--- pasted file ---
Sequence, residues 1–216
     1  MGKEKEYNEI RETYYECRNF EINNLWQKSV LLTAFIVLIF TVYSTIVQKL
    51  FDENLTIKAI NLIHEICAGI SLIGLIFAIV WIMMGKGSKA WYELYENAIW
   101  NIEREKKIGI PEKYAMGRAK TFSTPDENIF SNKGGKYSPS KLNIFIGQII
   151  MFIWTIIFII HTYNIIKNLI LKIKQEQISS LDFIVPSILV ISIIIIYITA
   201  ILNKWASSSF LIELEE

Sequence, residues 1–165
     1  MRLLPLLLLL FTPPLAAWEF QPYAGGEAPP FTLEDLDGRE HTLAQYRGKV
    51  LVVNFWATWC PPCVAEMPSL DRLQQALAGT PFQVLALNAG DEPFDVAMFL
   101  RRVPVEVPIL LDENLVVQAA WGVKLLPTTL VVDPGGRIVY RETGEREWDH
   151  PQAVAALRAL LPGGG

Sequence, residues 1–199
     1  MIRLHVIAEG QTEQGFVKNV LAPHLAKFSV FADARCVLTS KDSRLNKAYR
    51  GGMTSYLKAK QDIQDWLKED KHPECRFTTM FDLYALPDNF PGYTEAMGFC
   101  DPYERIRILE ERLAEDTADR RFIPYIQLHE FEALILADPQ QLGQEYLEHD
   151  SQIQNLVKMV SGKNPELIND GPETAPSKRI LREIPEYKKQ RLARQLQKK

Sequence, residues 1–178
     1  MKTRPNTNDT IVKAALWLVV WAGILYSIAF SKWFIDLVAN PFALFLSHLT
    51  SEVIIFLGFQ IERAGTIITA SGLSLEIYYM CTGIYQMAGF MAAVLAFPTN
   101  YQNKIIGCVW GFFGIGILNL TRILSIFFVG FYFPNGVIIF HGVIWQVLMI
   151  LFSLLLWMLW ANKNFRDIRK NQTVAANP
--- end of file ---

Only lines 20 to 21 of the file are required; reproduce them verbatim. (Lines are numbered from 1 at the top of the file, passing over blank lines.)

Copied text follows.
   101  YQNKIIGCVW GFFGIGILNL TRILSIFFVG FYFPNGVIIF HGVIWQVLMI
   151  LFSLLLWMLW ANKNFRDIRK NQTVAANP